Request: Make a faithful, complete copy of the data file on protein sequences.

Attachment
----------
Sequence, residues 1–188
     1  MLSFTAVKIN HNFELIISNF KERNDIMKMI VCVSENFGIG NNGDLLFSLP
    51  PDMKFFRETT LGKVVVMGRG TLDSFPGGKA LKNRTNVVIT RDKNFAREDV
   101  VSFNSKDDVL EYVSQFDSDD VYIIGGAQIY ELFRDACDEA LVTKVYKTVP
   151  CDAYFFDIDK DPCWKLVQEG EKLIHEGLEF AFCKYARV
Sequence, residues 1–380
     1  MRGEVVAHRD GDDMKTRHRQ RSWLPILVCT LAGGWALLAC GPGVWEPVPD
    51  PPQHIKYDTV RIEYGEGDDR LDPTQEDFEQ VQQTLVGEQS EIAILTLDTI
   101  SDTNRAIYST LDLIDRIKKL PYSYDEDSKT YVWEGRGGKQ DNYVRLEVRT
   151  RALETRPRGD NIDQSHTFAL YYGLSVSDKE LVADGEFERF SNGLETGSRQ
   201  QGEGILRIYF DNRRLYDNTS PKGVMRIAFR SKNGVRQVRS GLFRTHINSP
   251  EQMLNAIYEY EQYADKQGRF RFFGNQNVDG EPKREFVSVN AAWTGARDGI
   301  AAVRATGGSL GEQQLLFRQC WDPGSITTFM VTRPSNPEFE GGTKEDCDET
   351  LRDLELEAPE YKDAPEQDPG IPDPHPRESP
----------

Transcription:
Sequence, residues 1–188
     1  MLSFTAVKIN HNFELIISNF KERNDIMKMI VCVSENFGIG NNGDLLFSLP
    51  PDMKFFRETT LGKVVVMGRG TLDSFPGGKA LKNRTNVVIT RDKNFAREDV
   101  VSFNSKDDVL EYVSQFDSDD VYIIGGAQIY ELFRDACDEA LVTKVYKTVP
   151  CDAYFFDIDK DPCWKLVQEG EKLIHEGLEF AFCKYARV
Sequence, residues 1–380
     1  MRGEVVAHRD GDDMKTRHRQ RSWLPILVCT LAGGWALLAC GPGVWEPVPD
    51  PPQHIKYDTV RIEYGEGDDR LDPTQEDFEQ VQQTLVGEQS EIAILTLDTI
   101  SDTNRAIYST LDLIDRIKKL PYSYDEDSKT YVWEGRGGKQ DNYVRLEVRT
   151  RALETRPRGD NIDQSHTFAL YYGLSVSDKE LVADGEFERF SNGLETGSRQ
   201  QGEGILRIYF DNRRLYDNTS PKGVMRIAFR SKNGVRQVRS GLFRTHINSP
   251  EQMLNAIYEY EQYADKQGRF RFFGNQNVDG EPKREFVSVN AAWTGARDGI
   301  AAVRATGGSL GEQQLLFRQC WDPGSITTFM VTRPSNPEFE GGTKEDCDET
   351  LRDLELEAPE YKDAPEQDPG IPDPHPRESP